3. If you hold substantial stock, consider a likely purchaser’s priorities and preferences, then revisit your stock turn strategy to see if your processes and IT are appropriate, resilient, modern and effective. As you near a sale, you might choose to free up warehouse space/costs and replace assets with cash.

C) Implement operational efficiency

  1. Look at your contracts, to ensure they are updated, fit for purpose, accessible and easily transferable.
  2. Think about how well-protected the business is. Would you buy it under the current arrangements – or do you need to raise your game on insurance, warranties and crisis readiness planning in the years ahead?
  3. Consider your financial status and financial team. Are your management accounts, management information and management reporting all accurate and up-to-date? Are they presented impressively?
  4. Is your reporting generated by smart systems and backed by transferable processes and clear documentation/handbooks?
  5. What are you planning to do about office space and WFH? Is infrastructure in place to back up your team and match increased capabilities and reach?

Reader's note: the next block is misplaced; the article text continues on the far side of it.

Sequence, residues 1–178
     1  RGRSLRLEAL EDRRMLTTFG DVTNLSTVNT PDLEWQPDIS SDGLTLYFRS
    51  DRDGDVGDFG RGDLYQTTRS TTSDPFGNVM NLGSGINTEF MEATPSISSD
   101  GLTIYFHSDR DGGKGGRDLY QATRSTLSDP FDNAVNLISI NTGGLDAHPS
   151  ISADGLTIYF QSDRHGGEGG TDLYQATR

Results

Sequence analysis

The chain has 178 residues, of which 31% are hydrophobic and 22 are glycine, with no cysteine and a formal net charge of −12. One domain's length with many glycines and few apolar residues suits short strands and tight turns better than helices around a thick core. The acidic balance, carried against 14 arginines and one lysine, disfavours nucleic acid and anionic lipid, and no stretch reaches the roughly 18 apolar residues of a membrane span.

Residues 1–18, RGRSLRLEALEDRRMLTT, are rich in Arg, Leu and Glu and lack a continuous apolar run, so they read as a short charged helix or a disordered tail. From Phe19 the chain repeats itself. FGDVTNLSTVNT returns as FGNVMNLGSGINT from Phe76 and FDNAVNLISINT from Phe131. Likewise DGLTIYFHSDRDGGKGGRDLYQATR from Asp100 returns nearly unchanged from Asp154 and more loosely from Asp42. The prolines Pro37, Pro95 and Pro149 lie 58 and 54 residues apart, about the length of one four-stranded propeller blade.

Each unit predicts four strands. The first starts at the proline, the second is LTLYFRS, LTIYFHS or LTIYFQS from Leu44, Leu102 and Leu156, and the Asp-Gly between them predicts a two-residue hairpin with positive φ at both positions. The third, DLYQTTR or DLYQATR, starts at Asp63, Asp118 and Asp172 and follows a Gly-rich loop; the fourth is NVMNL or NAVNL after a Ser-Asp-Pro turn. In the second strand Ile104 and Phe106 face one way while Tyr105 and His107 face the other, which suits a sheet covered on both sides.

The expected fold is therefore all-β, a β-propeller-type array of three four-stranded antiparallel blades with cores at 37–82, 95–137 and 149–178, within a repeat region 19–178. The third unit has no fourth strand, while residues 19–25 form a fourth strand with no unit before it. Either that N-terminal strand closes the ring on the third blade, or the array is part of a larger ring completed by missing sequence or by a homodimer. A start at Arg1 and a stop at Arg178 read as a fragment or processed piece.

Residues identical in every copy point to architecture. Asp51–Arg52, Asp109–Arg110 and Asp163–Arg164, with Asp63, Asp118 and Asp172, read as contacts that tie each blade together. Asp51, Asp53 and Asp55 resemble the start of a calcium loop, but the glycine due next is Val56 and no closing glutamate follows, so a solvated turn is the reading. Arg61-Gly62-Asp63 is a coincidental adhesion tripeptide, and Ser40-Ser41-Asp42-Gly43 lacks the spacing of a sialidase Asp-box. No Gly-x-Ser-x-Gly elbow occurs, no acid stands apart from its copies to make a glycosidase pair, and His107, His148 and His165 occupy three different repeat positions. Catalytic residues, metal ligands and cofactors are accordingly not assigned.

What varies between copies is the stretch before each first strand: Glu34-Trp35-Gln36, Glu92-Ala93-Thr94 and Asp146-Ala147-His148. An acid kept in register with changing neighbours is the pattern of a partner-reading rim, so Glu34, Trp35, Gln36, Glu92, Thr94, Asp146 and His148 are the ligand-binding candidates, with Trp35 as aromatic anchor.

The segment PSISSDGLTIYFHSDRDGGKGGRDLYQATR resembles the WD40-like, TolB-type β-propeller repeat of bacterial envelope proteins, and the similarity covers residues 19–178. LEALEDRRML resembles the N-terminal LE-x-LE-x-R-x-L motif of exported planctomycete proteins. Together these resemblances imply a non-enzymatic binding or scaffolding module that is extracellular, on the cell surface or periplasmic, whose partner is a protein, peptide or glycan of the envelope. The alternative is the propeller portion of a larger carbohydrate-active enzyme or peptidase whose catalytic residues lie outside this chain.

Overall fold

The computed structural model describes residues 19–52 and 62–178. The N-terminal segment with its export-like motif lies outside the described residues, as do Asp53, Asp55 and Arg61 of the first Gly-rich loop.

6. Are you working with the right people, within the right business culture?
  7. Are these people who could transfer to a new buyer or accept a fundamental change of approach – or merely a group of fairly talented individuals who are unresponsive to change and stuck in their respective grooves?
  8. Do you have a trusted group of suppliers and professional advisors in place?
  9. Take an objective look at your operations and determine if you’re run by leaders or managers.
  10. Or is the business all about you? If so, can you devolve responsibilities to improve things both now and in terms of a transitional team when selling?

Further reading: 10 ways to reduce business owner dependency

Making this work is far harder than compiling a list. It means disruption, but also improvement. The road leads to a far better destination and (almost certainly) a more rewarding business exit when the time comes.

So make time – and refresh your plans. And make contact with an advisor who can guide and accompany you – every step of the way.